Norway and other Arctic countries can boost land-based food production – and meet the challenges of climate change – with the right support and investment, writes Arne Bardalen of the Norwegian Institute of Bioeconomy Research.
Food – good, healthy food – is one of the most basic human needs, in demand every day, year after year, all the time. Yet, already, agriculture falls short of peoples’ needs. In the future, people will need even more food than we already produce – and under novel climatic conditions – a predicament that northern and Arctic countries can help resolve.
According to estimates by the Food and Agriculture Organization of the United Nations, the global need for food will increase by 60 percent by 2050 to feed a global population expected to exceed 9 billion. And yet, in that same period, the effects of climate change will grow more severe. Soil degradation, water scarcity and higher temperatures in some of the world’s most important food-producing regions will dramatically reduce food production.
Achieving global food and nutrition security, and food safety in the coming decades, is a tremendous challenge. But with climate change, it has become even more complicated. Agriculture, forestry and other forms of land-use are responsible for about 25 percent of global greenhouse gas emissions. Food production must reduce its climate footprint. Business as usual is not an option.
Agriculture must, like all sectors, undergo a “green shift.” When the rest of the world is facing even more challenging conditions for food and biomass production, it is of greatest importance that northern regions protect their productive land resources and production capacity, maintain knowledge and develop business models for operating in a new global context.
Achieving sustainable and resilient global food security will require people to change what they eat and the agriculture sector to modify the way it produces food. By 2050, we may need to double the amount of biomass we gather from oceans, agricultural land and forests to meet our demands for food, livestock feed, energy, industrial feedstock, materials and more.
Arctic nations, not normally known for their agricultural exports, can help meet those demands. Northern regions will, in general, face less risk of water scarcity. The mean temperature in temperate and Arctic regions will rise, extending the growing season. In addition, the impacts of plant and animal pests and diseases will be small, initially, as winter temperatures will still be lower compared to other regions, and the northward migration and establishment of alien species will take time.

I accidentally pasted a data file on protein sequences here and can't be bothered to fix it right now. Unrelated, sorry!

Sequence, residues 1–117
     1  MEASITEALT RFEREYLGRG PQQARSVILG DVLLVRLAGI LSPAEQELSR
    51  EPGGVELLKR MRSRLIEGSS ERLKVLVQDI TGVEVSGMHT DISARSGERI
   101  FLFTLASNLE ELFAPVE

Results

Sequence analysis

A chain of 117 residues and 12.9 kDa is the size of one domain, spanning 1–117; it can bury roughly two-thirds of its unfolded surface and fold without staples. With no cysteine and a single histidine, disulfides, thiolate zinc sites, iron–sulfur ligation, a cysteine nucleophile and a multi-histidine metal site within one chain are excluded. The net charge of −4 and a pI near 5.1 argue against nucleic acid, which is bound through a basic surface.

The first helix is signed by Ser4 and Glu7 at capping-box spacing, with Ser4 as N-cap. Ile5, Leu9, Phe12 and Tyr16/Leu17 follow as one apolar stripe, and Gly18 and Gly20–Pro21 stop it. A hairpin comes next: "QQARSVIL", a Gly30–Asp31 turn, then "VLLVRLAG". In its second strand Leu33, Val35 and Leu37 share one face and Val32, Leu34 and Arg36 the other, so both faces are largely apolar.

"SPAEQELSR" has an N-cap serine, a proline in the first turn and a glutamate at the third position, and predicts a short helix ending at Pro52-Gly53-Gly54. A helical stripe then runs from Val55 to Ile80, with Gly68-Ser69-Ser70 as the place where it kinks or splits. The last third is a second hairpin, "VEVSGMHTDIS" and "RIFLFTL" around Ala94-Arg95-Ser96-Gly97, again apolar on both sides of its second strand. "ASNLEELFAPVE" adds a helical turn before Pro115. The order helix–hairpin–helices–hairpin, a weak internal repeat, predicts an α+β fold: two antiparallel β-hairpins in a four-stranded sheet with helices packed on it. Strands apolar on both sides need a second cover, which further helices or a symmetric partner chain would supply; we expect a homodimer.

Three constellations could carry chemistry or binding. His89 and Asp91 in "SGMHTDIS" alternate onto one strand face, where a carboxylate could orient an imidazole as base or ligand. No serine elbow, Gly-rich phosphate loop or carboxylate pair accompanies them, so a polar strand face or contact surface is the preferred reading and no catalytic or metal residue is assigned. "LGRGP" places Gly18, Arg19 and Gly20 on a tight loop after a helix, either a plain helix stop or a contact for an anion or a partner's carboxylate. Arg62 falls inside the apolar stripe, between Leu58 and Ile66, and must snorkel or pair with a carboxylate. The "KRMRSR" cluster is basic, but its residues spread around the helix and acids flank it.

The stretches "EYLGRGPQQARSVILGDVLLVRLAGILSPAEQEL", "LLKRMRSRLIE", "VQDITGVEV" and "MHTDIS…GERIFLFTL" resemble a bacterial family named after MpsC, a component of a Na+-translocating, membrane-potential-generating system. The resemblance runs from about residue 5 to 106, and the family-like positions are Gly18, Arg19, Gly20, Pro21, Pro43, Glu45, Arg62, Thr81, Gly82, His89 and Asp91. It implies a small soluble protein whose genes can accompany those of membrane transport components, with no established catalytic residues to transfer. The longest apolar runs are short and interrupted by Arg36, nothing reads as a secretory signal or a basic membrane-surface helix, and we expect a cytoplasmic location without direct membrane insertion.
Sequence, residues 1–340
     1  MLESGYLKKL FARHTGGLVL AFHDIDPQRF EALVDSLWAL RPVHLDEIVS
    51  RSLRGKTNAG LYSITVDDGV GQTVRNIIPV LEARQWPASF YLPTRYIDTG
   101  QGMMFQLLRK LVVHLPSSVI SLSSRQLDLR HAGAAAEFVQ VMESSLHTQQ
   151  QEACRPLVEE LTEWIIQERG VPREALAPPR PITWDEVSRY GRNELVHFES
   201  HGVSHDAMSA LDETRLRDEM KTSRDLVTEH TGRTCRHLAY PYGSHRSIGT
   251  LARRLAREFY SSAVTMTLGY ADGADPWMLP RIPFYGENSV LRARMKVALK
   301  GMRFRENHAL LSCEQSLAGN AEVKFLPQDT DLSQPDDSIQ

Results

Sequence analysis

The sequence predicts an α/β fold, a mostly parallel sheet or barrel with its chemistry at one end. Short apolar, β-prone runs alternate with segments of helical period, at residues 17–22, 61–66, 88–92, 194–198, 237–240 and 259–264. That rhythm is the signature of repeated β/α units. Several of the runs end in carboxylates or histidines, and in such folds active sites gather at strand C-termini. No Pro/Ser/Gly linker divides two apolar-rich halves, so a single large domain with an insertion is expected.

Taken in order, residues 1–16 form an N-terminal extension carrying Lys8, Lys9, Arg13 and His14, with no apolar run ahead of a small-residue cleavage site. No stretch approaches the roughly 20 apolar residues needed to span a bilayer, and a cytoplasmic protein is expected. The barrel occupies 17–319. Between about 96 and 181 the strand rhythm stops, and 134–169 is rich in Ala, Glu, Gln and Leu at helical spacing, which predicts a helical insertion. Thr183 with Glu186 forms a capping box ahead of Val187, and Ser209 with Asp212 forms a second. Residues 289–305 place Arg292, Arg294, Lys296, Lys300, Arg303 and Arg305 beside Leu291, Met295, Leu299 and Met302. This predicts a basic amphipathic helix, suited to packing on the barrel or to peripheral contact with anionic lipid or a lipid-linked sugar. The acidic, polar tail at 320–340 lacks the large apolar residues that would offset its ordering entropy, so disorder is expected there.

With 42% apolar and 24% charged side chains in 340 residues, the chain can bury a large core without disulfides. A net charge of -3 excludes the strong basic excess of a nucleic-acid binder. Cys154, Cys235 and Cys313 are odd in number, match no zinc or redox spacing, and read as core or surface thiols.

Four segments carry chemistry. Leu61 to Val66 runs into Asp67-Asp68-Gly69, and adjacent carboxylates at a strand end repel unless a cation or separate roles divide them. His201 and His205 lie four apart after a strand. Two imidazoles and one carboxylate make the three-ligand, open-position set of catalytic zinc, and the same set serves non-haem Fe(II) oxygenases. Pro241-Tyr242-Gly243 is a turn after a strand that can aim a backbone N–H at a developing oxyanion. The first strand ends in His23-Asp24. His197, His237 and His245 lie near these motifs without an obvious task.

But we will also face challenges. Increased precipitation and more frequent extreme weather episodes will lead to tougher conditions during the growing season and make technical operations such as harvesting more difficult.
Despite the inconveniences, the northern regions’ potential for higher food production should not be underestimated. It may be marginal on a global level, but the potential for growth in the next 30 years is at least 20 percent.
The circumpolar agri-food sector must mobilize its resources for plant and food production. To exploit the potential, there is an increasing need for research, extension services to disseminate new knowledge and best practices at the farm level, and adapted plant breeding and technologies to speed up the breeding processes that create new cultivars suitable for northern – yet changing – conditions. Traditional breeding takes about 10 to 20 years, and this is too long in today’s quickly changing climate. The farmers in the High North face unique challenges due to Norway’s geography, but they are also producing distinct products.
In the short term, the circumpolar agri-food sector should increase its current production of vegetables, berries, dairy products, beef and barley. It should also focus more on increasing and diversifying production for today’s climate, and develop new markets and business models.
Increased local food production in the North can strengthen food and nutrition security for people in the Arctic regions. But it can also develop nutritious and novel products for customers all over the world. The northern agri-food sector has the potential to be competitive if it takes full advantage of the special qualities of its products and invests in telling consumers the stories behind these out-of-the-ordinary foods.
In the future, circumpolar agriculture and the boreal forests will certainly play a more important role both regionally and globally. Policymakers in Arctic and northern regions have traditionally focused on oceans, sub-sea resources and geopolitical issues, but there is now a need for more dedicated and ambitious policy to achieve the potential of the Arctic agri-food sector. It is time to include on the political agenda increased terrestrial food and biomass production in the circumpolar region and boreal forests.
This article originally appeared on Arctic Deeply.